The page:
This team is talented! DiPoto fleeced the Dbacks when he acquired OF Mitch Haniger and SS Jean Segura for Tijuan Malker and Ketel Marte. The weak-spot in the offense has been catcher Mike Zunino, who is struggling at .202/.266/.424 but he’s too good to not rebound. Dee Gordon slid into his much more familiar spot at 2nd base when Robinson Cano was suspended 80 games for performance enhancing drugs. To the credit of this team, the Mariners have won 23 of their 35 games since Cano’s suspension was announced. DiPoto traded for Denard Span and Alex Colome from the Tampa Bay Rays to shore things up. The M’s have a lefty-heavy rotation and could use another righty starter for additional depth. Someone like San Diego’s Tyson Ross would be a nice fit, if DiPoto opts to add another right-hander.

Next time, we will take a look and see who could be “hired-guns” in the National League.

Yankees Can Use Another Starter, But Who?

UPDATE (6-5-2018):  It was announced this afternoon that Jordan Montgomery will undergo Tommy John surgery, ending his 2018 season and probably the majority of 2019 as well.

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It’s almost Memorial Day, and we are almost 50 games into the regular season. The New York Yankees are one game behind the Boston Red Sox in the AL East division. The next closest team (Tampa Bay Rays) is nine games back, and the Rays just traded Alex Colome and Denard Span to Seattle for minor league pitchers. It appears the AL East will likely become a two-horse race between Boston and New York.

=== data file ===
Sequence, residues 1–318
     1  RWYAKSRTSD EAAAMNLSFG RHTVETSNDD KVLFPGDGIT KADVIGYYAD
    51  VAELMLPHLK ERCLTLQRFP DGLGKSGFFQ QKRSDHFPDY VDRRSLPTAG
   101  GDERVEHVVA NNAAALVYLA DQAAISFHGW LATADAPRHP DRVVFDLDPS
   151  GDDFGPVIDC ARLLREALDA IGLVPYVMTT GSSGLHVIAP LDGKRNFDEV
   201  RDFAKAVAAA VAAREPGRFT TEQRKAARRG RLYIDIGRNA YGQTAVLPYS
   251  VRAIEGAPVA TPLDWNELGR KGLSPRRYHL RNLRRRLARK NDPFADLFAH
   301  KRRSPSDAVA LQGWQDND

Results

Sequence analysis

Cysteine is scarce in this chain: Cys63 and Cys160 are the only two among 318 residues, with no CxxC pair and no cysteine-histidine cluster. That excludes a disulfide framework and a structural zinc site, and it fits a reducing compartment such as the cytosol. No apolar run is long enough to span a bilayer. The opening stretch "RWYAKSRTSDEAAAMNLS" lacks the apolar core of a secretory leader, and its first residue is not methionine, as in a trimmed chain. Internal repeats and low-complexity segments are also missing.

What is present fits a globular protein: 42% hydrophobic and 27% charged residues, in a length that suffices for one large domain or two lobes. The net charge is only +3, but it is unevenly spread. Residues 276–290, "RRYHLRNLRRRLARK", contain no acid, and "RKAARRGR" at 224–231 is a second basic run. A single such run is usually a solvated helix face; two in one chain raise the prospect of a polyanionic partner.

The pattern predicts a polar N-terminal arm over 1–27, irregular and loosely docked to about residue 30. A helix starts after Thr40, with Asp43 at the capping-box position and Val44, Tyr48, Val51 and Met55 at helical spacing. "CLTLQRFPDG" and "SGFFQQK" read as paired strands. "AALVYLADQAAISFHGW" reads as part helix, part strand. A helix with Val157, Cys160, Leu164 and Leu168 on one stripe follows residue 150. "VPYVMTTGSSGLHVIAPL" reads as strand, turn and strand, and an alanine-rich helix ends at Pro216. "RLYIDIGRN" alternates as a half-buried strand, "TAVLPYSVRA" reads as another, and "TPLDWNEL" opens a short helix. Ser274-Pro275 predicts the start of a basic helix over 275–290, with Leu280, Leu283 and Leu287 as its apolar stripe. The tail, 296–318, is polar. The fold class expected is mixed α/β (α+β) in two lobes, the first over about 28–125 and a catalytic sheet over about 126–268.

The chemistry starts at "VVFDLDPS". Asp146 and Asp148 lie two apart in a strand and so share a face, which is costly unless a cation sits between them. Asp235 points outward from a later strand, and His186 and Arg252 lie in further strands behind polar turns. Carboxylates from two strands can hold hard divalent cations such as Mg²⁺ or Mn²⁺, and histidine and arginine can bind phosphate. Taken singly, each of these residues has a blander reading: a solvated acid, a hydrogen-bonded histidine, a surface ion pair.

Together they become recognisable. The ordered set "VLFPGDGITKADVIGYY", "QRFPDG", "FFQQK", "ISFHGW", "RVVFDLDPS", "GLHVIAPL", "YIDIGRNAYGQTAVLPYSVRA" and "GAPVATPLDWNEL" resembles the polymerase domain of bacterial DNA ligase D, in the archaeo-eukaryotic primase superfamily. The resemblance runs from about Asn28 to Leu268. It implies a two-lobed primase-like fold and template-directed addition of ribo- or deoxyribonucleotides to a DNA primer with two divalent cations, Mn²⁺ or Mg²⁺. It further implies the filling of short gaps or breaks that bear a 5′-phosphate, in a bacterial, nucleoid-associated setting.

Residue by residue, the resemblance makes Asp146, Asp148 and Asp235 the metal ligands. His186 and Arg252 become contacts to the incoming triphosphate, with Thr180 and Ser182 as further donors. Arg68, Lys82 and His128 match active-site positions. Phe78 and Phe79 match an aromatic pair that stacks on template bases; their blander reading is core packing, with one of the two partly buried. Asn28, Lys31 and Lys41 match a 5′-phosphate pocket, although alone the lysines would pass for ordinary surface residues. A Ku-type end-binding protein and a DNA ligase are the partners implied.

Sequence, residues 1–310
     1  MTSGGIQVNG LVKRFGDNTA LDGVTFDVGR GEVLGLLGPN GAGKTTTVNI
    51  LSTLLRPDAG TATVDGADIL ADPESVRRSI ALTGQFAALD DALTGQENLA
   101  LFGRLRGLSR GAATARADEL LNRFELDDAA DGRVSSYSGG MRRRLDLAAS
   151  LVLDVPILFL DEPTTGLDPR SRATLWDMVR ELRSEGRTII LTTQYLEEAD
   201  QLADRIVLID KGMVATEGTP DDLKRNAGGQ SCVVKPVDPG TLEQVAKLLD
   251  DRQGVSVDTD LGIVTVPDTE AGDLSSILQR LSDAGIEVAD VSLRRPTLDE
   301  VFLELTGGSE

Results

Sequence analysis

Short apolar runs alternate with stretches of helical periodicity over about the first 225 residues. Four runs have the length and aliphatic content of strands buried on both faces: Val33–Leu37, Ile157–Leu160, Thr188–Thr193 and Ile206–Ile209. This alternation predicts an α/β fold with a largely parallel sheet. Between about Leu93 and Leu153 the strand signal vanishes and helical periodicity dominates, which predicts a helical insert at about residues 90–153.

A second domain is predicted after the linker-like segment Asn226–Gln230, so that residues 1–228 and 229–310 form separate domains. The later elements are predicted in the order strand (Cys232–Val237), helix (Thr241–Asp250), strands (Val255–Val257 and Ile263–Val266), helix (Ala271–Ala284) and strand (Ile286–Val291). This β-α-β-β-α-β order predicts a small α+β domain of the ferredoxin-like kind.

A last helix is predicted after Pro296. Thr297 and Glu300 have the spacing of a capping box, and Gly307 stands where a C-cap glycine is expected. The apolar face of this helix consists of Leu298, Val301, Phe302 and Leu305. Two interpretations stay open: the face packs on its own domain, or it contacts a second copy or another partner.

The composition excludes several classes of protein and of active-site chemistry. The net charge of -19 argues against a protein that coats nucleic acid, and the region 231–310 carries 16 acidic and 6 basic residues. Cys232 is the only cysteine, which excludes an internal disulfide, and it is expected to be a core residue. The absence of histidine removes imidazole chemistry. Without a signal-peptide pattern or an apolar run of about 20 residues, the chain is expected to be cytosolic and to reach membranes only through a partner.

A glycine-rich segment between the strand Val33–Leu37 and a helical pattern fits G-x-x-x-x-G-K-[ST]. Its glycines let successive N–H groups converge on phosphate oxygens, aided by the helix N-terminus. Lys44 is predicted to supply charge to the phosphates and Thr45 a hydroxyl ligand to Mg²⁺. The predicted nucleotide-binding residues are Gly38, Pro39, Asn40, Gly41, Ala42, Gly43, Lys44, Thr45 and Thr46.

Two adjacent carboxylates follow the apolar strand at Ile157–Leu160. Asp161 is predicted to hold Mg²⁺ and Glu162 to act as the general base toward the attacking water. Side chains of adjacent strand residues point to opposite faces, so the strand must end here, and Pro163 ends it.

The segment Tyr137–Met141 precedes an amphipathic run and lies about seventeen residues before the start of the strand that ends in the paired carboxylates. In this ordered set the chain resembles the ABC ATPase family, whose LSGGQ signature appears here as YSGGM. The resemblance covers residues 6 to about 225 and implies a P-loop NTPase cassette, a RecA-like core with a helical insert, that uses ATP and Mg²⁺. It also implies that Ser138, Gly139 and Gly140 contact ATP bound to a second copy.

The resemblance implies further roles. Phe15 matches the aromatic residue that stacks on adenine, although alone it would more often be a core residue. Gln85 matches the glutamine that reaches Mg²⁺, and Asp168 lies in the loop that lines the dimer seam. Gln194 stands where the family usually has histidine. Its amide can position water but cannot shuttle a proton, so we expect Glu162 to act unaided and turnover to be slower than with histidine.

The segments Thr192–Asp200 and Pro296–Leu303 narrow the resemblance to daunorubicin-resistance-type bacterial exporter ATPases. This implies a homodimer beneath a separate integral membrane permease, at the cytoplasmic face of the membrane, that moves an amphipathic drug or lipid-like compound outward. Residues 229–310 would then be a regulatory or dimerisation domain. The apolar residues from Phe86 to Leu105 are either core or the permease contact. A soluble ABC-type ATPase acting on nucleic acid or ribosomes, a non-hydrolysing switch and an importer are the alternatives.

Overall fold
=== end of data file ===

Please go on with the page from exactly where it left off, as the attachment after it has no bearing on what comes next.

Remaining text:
Both the Red Sox and the Yankees are displaying a potent lineup that can overpower opponents. A stark difference between these two clubs is starting pitching. Chris Sale and David Price are perennial Cy Young Award candidates, and Rick Porcello won the AL Cy Young Award in 2016. All three can easily get deep into games every time out, and ease the strain Boston’s bullpen.

The Yankees have Luis Severino whom they can count on to give them innings and get deep into the game, but he’s the only one who has pitched consistently well. Masahiro Tanaka can be lights out when he is on his game, but he can also easily get pounded and is extremely home run prone. CC Sabathia has pitched well at times and doesn’t give up much hard contact, but he is averaging five innings per start, has allowed 15 runs in his last three starts and will be 38 years old soon. Sonny Gray has been very inconsistent with location, walking too many hitters and is also averaging five innings per start. Young Domingo German dazzled in his May 6 start against the Cleveland Indians, allowing no hits over six innings before leaving because he was on a pitch-count. Since then, he has allowed 12 runs in his following two starts, covering 8.2 innings. That’s not going to work when your rotation already isn’t getting deep into games.

With Jordan Montgomery out for at least another month or two, and with the lack of consistency in the current rotation, it would be interesting to see if Brian Cashman might swing a trade to acquire another proven starter to help shore things up. There are several starters who will be (or potentially could be) free-agents after 2018. Let’s take a look at a few of them: